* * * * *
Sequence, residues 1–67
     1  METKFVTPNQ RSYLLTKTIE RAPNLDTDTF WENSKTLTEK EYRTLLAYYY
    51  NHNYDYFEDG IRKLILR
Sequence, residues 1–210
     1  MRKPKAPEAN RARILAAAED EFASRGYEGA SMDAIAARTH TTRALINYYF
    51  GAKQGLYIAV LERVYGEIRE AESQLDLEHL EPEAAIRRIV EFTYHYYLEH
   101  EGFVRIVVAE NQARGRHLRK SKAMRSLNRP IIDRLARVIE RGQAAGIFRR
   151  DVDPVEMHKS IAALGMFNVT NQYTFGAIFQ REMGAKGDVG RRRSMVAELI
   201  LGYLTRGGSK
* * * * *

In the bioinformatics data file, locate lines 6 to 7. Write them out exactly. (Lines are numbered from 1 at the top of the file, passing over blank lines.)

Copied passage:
    51  GAKQGLYIAV LERVYGEIRE AESQLDLEHL EPEAAIRRIV EFTYHYYLEH
   101  EGFVRIVVAE NQARGRHLRK SKAMRSLNRP IIDRLARVIE RGQAAGIFRR